In May, I received a phone call from a different, equally friendly Rivian employee at the company’s delivery center in El Segundo, California, just 0.5 miles from MotorTrend’s headquarters. “Your truck is here. We’re so glad you went with such a bold color. Whoa, whoa, whoa. It’s here? (Also, I still needed to sell the Ford, which I was able to do fairly quickly for approximately 50 percent more than what Rivian offered.) And because I was leaving for a Pikes Peak training, we settled on the day after my return, June 14, for the delivery. On the evening of Sunday, June 12, my friendly guide told me to be sure to bring a certified or cashier’s check with me on Tuesday. “What?!” I shout rudely. “Are you telling me this now? I’m in Colorado, coming back tomorrow, landing after my bank closes, and I have to work the morning of the 14th? How do I get a cashier’s check?
Then I was told there was another option. I can simply link my bank account to my Rivian account and pay that way. All I have to do is go to the site and link the two. Thirty minutes and dozens (well, hundreds) of expletives later, I decided there was no weird way to link my bank account to my Rivian account via the bomb website. I called my Rivian manual to explain this and ask for help. I mentioned that when I picked up my Alfa Romeo Giulia which I also custom ordered, I was in and out of the dealership in 26 minutes, it would have taken less time but they made me drive the car around the block. I’ve wasted more time than that on the Rivian website, and I’m angry. My guide had no answer, so I needed to delay delivery until I had a chance to get a certified check.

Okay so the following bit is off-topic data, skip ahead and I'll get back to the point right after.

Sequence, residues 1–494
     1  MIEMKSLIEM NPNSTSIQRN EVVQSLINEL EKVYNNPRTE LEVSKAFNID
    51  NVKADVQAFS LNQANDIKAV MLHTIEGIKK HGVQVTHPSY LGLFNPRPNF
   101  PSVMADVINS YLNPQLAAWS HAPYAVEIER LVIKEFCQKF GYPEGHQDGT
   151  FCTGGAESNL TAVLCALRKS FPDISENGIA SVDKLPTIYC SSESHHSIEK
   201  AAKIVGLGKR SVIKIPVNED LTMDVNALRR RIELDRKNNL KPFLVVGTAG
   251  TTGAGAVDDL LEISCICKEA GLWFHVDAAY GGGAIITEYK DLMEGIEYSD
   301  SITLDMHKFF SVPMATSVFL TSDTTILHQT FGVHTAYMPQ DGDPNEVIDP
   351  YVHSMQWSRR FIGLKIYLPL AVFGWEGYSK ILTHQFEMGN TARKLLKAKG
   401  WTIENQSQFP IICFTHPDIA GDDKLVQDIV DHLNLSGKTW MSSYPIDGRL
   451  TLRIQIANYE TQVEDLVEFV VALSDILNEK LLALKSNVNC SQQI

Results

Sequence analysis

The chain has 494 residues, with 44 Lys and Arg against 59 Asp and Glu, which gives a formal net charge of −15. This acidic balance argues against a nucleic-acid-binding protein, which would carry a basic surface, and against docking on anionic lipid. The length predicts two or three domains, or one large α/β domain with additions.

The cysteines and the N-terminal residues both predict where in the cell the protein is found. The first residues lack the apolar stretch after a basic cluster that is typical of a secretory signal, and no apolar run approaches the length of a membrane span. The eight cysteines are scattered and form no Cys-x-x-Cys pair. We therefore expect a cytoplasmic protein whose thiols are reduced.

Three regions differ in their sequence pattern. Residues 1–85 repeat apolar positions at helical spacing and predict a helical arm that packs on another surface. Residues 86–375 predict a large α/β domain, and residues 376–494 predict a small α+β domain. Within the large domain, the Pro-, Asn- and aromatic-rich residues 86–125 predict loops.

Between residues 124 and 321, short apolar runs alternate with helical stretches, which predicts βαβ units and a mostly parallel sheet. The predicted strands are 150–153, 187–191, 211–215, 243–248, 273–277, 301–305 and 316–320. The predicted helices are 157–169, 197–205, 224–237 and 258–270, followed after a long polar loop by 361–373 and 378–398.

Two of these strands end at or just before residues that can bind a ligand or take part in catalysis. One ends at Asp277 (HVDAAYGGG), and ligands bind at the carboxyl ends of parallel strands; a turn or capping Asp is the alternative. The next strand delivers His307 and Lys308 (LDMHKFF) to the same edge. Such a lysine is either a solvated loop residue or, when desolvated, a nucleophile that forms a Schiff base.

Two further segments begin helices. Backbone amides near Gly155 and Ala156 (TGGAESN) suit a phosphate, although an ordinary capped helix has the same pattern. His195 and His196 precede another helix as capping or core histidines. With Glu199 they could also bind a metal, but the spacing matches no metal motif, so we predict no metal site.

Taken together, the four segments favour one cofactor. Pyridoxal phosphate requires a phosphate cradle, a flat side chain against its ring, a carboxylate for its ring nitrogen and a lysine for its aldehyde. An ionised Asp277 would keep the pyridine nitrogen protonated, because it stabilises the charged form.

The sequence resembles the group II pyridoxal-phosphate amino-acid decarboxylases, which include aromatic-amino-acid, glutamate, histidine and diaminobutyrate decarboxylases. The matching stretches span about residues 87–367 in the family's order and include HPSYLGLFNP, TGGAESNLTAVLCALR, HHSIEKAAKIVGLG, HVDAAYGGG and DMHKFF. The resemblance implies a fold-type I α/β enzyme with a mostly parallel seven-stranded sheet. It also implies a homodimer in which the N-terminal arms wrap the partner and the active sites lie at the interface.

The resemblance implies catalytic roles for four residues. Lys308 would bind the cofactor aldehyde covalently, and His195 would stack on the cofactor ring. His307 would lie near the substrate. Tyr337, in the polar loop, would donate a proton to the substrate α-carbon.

The next day I was told, you know, Rivian will accept a personal check from me after all. I’m not optimistic that an anonymous buyer will get the same statement, but at least we’re back. I left out the details of the seemingly endless series of documents to sign (it was like buying a property), but fortunately they are all e-signature type things. The next day I arrived at the MotorTrend office at 10:15am and the thing I was supposed to do was cancelled. I called my Rivian guide and arranged to pick up the truck later, not at 2:30pm as scheduled. Thirty minutes later, I arrived at the birth center but knew that my early arrival would mean things would take some time. Now, I know they don’t put gas on this, so I have no idea what caused the holdup, but my nice new truck was parked outside around noon.
I think the delay wasn’t because they were checking the paint, because a quick look revealed that the paint protection film on one of the gear tunnel doors was defective, resulting in my truck being gone. It’s fixed and 90 minutes later, I’m home. Hello! Although I have to say, handing over my truck that I knew had been sitting there for days if not weeks is crazy. But hey, the Rivian R1T is great and worth the wait.